IDFA: IDFA supports robust risk management programs that help dairy farmers manage milk price volatility. The Margin Protection Program (MPP-Dairy) for dairy producers, which was created during the last farm bill, will undoubtedly be reviewed and evaluated during the upcoming farm bill debate to ensure that it provides dairy farmers with the same type of risk management program that is available for other agricultural commodities.

The funding baseline associated with dairy programs will need to be restored, which will necessitate financial trade-offs. Agriculture research merits continued support as this area benefits everyone in the dairy and agriculture sectors. Existing regulations, including those in the environmental and food safety areas, could face additional scrutiny, and regulatory relief could be included in the farm bill package without imposing additional costs on taxpayers.

Cooperative Network: Cooperative Network and its Farm Credit members have supported a strong Crop Insurance program as a safety net for corn and soybean producers. Our resolution on Federal Dairy Policy supports a “comprehensive, national dairy policy that addresses the needs of producers in all regions and does not discriminate against producers on the basis of location, size, or type of dairy operation.” For that reason, we supported the creation of the Margin Protection Program for Dairy. We realize that MPP-Dairy may require some tweaking, especially in the areas of feed ration cost and premium rates.

NMPF: We have been working across our membership at NMPF to develop the best approaches for improving the Margin Protection Program for Dairy, with the goal of presenting a recommended list of changes to Congress early in 2017.

We don’t want to wait till 2018 to see those changes implemented, and key players in both the House and Senate have already heard our message on the need to move sooner rather than later on this key safety net program. We are heartened that there is growing recognition in Congress on the need to improve several programs in the current farm bill.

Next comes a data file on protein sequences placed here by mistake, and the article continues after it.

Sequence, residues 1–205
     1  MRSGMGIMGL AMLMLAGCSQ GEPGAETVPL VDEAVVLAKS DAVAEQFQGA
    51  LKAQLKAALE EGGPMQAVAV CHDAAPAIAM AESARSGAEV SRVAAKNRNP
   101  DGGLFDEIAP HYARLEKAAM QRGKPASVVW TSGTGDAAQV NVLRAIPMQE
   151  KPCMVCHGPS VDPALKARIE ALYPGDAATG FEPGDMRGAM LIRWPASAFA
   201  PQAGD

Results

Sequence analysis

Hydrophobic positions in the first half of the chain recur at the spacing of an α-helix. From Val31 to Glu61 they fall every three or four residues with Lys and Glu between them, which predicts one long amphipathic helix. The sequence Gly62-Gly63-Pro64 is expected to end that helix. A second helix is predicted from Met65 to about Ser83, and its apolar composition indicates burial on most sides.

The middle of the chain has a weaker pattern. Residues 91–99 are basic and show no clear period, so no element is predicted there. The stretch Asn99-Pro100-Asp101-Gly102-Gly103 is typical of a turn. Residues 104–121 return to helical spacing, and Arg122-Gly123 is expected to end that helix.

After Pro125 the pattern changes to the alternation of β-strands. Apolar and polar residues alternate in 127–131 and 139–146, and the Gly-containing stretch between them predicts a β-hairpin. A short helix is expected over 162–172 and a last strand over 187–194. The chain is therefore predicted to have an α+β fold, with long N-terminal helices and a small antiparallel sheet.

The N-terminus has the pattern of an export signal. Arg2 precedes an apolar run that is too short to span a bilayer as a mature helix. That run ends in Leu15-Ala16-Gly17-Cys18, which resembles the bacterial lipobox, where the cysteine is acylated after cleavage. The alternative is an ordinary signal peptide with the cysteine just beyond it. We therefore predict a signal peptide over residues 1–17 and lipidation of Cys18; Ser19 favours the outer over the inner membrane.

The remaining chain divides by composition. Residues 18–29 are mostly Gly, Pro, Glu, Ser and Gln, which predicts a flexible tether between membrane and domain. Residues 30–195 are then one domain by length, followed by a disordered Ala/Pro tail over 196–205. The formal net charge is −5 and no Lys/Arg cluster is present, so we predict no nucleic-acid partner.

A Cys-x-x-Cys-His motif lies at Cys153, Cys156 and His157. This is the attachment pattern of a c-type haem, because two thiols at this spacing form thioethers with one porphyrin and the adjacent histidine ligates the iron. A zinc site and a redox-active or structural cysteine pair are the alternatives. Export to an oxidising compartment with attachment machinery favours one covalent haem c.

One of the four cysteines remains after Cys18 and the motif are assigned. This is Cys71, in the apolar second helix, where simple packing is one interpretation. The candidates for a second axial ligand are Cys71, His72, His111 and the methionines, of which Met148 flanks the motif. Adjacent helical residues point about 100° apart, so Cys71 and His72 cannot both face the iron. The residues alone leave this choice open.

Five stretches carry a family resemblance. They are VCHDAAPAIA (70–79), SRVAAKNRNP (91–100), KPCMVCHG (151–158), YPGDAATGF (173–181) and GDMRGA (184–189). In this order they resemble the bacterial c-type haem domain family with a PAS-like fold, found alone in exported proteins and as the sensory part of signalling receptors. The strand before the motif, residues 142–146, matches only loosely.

At the same time, Congress has yet to take action on Food and Nutrition Programs, what might the future look like for flavored milk and nutrient-dense dairy products?

IDFA: Federal feeding programs will very likely continue to be guided by the latest Dietary Guidelines for Americans (DGA); however, we expect that the new administration may allow more flexibility to states and localities with respect to interpreting the DGA as it relates to nutrient-dense milk and dairy products.

The use of Supplemental Nutrition Assistance Program (SNAP) benefits to purchase sweetened beverages will continue to be scrutinized, but it is unlikely that Congress will further restrict SNAP purchases. Incentivizing healthier SNAP purchase choices will continue to be the focus, and the dairy sector could benefit from such an approach.

Cooperative Network: Cooperative Network has opposed efforts to reduce the container size of dairy products and to reduce them in nutrition programs. We encourage the use of low-fat flavored milk and yogurt in school nutrition programs.

NMPF: The Child Nutrition Act was to be reauthorized in 2016, but that did not happen in the lame duck congressional session in early December. So we will work again with Congress in 2017 to find a way of bolstering the role for milk in schools and federal feeding programs, and correcting the current USDA policy that only allows for nonfat flavored milk.

This contradiction needs to be solved so that kids get the nutrition they need in the package they want. Fortunately, the emerging medical science continues to reinforce our point that dairy fat is not a health threat for kids (and adults) that it was believed to be.